Theodore Low De Vinne

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Theodore Low De Vinne
Chester Beach - Bust of Theodore Low De Vinne.jpg
Bust of Theodore Low De Vinne by Chester Beach
Born(1828-12-25)December 25, 1828
DiedFebruary 16, 1914(1914-02-16) (aged 85)
Occupation(s)Printer, typographer
EmployerDe Vinne Press
OrganizationGrolier Club
Parent(s)Daniel De Vinné[1] and Joanna Augusta Low[2]
Signature of Theodore Low De Vinne (1828–1914).png

Theodore Low De Vinne (December 25, 1828 – February 16, 1914) was an American printer and scholarly author on typography. Considered "the leading commercial printer of his day,"[3] De Vinne did much for the improvement of American printing and typography. [4]

Life and career[edit]

The De Vinne Press printers mark, Thomas Jefferson Building, Library of Congress

De Vinne was born at Stamford, Connecticut, and educated in the common schools of the various towns where his father, an itinerant Methodist minister,[2] had pastorates. He learned the rudiments of printing while employed in a shop at Fishkill, New York. He worked at the Newburgh, New York Gazette, then moved to New York City. In 1850 he was hired as a compositor by the printing shop of Francis Hart in New York, where he rose to the position of foreman within a year, which included duties as shop manager.[5] He became a partner in Hart's business in 1858 and assumed sole proprietorship of the firm upon Hart's death in 1877, eventually renaming it to Theodore L. De Vinne & Co. in 1883.[6]

While still a partner of Hart's, De Vinne managed to steer the business from job printing to the more lucrative and prestigious book and periodical trade, mostly thanks to his excellence in printing wood engravings.[7] De Vinne's commercial success and high repute derived in large measure from the collaboration with his main client in this market segment, The Century Company, for whom he printed the popular St. Nicholas Magazine[8] and The Century Magazine,[9] as well as many books, such as George Kennan's influential Siberia and The Exile System,[10] as well as large multi-volume works such as The Century Dictionary[11][12] and John Nicolay and John Hay's authoritative biography of Abraham Lincoln.[13]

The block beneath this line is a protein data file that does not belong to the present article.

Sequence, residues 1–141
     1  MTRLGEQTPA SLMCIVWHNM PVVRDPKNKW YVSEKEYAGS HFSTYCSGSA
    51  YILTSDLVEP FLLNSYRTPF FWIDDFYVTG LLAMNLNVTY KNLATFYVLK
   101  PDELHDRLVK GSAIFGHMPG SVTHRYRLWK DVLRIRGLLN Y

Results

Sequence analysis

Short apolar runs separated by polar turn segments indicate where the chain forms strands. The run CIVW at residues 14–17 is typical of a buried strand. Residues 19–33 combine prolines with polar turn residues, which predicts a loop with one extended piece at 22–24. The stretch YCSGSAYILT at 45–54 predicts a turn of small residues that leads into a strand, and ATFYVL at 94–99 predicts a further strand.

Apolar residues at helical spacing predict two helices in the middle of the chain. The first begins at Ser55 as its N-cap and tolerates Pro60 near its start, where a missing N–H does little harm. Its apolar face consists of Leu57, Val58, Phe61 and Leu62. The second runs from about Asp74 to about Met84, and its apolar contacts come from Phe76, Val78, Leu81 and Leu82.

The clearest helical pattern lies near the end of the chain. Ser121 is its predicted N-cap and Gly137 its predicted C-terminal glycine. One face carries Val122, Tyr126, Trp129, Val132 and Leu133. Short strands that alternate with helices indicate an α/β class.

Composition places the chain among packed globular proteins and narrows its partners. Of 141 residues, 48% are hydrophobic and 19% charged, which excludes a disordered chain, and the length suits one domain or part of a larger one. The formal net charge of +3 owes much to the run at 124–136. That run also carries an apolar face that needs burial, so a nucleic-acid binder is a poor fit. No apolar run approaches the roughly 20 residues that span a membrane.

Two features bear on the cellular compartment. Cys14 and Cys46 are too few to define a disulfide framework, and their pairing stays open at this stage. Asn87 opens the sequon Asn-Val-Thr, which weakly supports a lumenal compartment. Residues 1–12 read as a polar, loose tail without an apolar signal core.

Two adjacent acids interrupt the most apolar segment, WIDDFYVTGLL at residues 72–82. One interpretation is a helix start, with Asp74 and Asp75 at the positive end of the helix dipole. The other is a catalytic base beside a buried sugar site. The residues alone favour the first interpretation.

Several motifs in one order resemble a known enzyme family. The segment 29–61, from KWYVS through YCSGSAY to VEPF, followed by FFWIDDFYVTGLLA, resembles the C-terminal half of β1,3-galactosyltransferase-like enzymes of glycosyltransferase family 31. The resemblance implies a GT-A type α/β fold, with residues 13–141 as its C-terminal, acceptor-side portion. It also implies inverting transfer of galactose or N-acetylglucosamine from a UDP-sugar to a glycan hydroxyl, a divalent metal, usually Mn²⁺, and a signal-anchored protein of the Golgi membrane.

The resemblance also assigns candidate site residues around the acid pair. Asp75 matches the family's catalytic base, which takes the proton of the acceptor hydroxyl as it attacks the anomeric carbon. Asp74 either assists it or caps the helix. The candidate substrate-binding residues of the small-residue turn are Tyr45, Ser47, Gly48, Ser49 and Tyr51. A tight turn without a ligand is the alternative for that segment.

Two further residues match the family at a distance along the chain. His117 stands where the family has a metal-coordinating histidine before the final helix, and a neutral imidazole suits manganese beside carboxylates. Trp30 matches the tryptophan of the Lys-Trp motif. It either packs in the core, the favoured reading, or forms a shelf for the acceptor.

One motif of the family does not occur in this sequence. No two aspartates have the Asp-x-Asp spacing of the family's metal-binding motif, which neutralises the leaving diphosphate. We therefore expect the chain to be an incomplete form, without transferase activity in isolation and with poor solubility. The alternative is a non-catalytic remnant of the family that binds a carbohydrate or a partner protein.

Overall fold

In 1886, with his business greatly expanded and seeking to increase its printing capacity, he moved the company to the De Vinne Press Building on Lafayette Place, a model plant designed by himself in collaboration with the architects Babb, Cook & Willard.[14][15] The building was designated a New York City landmark in 1966, and was added to the National Register of Historic Places in 1977.[16]

De Vinne either commissioned Linn Boyd Benton, or co-designed in conjunction with Benton, the still-popular Century Roman typeface for use by The Century Magazine.[17] For use at his own press, he also commissioned Linotype to produce De Vinne, an updated Elzevir (or French Oldstyle) type, and the Bruce Typefoundry to produce Renner, a Venetian face.[18] However, De Vinne's was not closely involved with the design of "De Vinne" and he ultimately was somewhat unhappy with the typeface.[19]

In 1865 De Vinne was a co-founder of the Typothetae, a trade organization of master printers, which was a predecessor of the Printing Industries of America.[20] He was also one of nine men who founded the Grolier Club in 1884,[21] and he was printer to the Club for the first two decades of its existence and designed and printed most of its publications during his lifetime.[22]


De Vinne started his writing career at the age of thirty, as soon as he had become a partner in Hart's printing office.[23] A prolific author in the periodical printing trade press, he also wrote a number of books on the history and practice of printing. His books include: